Tottenham would struggle against this Chelsea side in normal circumstances but a selection crisis means Nuno Espirito Santo is up against it.
Tottenham Hotspur have come crashing back down to earth. When Daniel Levy promised to appoint a manager who would play “entertaining, attacking football” he knew that what supporters wanted to avoid wasn’t dryly winning games 1-0 – nobody minds dull football when it works – but rather the kind of directionless performances seen towards the end of the Jose Mourinho era.
That’s why Nuno Espirito Santo was a risk. Not because he won’t be a success, or because reactive and counter-attacking football is inherently less entertaining than a possession game – it isn’t – but because it is more prone to weird, ambling, existentially exhausting games like the 3-0 defeat to Crystal Palace last weekend. To the terror of Spurs fans, Nuno expecting the players to improvise their own possession, to discover the passing angles rather than coaching them in detail, may trigger flashbacks and a chill down the spine.
But even after another disappointing performance on Thursday night, a 2-2 draw with Rennes in the Europa Conference League, Tottenham fans can remain optimistic about their long-term future under Nuno. It will take time for their interplay to become coherent, and a strong defensive foundation across their first three games of the Premier League campaign bodes well for the future.
Not in the short-term, though. Defensive injuries, Harry Kane’s poor form and some notable tactical deficiencies that Chelsea will know how to exploit make Tottenham clear second favourites for Sunday’s headline game.
For those Tottenham fans optimistically hoping for a repeat of the opening day win over Manchester City, some bad news: Nuno’s ultra-narrow 4-3-3, in which the forwards stay high to a) block passes into central midfield, and b) counter quickly together behind a high line, doesn’t really fit here. Chelsea’s approach to big games under Thomas Tuchel is quite different to Pep Guardiola’s.
Chelsea don’t press as high as Manchester City and they are far more compact through midfield, tending to play relatively conservatively by modern standards. Tuchel’s players will drop after an initial wave of pressing and therefore Spurs will need to more carefully build through midfield. Opportunities to burst forward in the dribble will be limited, especially with Heung-min Son absent and Kane looking particularly sluggish.
Spurs don’t like holding possession. They are 20th in the Premier League for ‘progressive passes’ (48.39 per match) – a WyScout metric that measures “a forward pass that attempts to advance a team significantly closer to the opponent’s goal”. They also rank 19th for ‘progressive runs’ and 19th for width passes (40-yard balls to the flanks), averaging just 43.1% possession.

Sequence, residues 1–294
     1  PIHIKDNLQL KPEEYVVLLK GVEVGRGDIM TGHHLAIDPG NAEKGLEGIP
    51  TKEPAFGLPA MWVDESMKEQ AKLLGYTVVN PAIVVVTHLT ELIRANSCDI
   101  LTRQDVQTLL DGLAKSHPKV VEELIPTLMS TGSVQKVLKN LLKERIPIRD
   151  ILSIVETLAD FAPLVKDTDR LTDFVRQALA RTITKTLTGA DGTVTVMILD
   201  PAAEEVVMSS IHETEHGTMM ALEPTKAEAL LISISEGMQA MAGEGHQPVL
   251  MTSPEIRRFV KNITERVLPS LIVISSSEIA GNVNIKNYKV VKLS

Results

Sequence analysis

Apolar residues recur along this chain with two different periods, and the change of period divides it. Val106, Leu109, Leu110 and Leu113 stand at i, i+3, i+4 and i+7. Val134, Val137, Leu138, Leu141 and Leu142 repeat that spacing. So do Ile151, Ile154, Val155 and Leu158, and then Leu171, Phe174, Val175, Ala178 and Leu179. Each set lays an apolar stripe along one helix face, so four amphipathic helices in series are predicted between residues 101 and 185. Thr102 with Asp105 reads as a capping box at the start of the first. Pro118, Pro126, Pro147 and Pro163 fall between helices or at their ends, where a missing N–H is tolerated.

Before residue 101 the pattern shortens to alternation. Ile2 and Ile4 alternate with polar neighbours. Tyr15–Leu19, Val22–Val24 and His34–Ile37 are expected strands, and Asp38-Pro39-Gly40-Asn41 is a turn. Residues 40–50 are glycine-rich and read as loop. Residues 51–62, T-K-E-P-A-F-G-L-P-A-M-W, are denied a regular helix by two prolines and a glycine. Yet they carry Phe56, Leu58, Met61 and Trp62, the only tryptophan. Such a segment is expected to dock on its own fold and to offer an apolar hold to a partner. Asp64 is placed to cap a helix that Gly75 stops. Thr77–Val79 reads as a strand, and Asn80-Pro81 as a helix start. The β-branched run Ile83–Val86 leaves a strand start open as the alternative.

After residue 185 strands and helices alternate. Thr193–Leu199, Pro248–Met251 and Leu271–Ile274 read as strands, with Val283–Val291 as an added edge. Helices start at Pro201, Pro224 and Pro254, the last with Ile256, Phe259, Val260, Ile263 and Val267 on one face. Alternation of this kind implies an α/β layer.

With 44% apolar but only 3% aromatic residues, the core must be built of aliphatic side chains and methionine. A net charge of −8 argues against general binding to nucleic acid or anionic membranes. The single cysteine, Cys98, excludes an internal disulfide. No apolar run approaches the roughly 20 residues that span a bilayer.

In other words, they are pretty clueless at progressing the ball through the lines and doing anything meaningful with possession. Dele Alli isn’t yet used to his new midfield role, while Pierre-Emile Hojbjerg and Harry Winks don’t have the forward thinking, or the ability under pressure, to play vertically. That was most obvious against Crystal Palace who – worryingly for Spurs – snapped into challenges in central midfield to successfully disrupt the play, just as Chelsea will do in a semi-cautious system.
Spurs will struggle to create chances, then, and while the two systems – both guarded, in different ways – may leave central midfield too compressed to be a key tactical battle zone, Tuchel’s side have a clear advantage on the flanks. Nuno’s desire to play in this very narrow 4-3-3, with the forwards tucked right in, will make sense on paper considering Chelsea’s four-man, square-shaped midfield. That area needs protecting, or else the inside forwards will run the game.
But as we have seen in all of Tottenham’s games so far, that leaves their full-backs with far too much to do. The wide midfielders are expected to cover out wide but that is often a challenge; Wolves consistently found space on either wing, while all three of Palace’s goals were built down the flanks.
Chelsea’s overlapping wing-backs can dominate, then. Recall how Reece James was consistently the free man in the 2-0 win over Arsenal, in which he grabbed a goal and an assist playing a rugby-style role as Chelsea created an overload down the right. On Sunday, this is more likely to occur on the other side, where Emerson Royal – who struggled badly on his debut against Wilfried Zaha – could be overwhelmed by Kai Havertz and in-form Marcus Alonso.
For all that tactical analysis, there is a much simpler take on this game that puts Chelsea in the driving seat. An emerging injury crisis, quarantine regulations and Japhet Tanganga’s suspension means Tottenham will have problems at the back up against a razor-sharp Romelu Lukaku. Joe Rodon and Davinson Sanchez, who only comes out of quarantine on Friday, are likely to struggle.
However, Nuno does have one potential trick up his sleeve. Chelsea’s formation tends to be least effective against those who mirror it and Nuno certainly knows how to deploy a 3-5-2. This would require throwing Cristian Romero in for his full Premier League debut or playing Ben Davies on the left side – a pretty big risk, but it could prevent Spurs from being overrun by Lukaku and provide the wing-backs with cover against James and Alonso.
A 3-5-2 may give Tottenham the defensive foundation to be competitive. But it would also diminish their counter-attacking threat further, potentially leaving them penned in for long periods. It is hard to see Spurs emerging with anything from this game.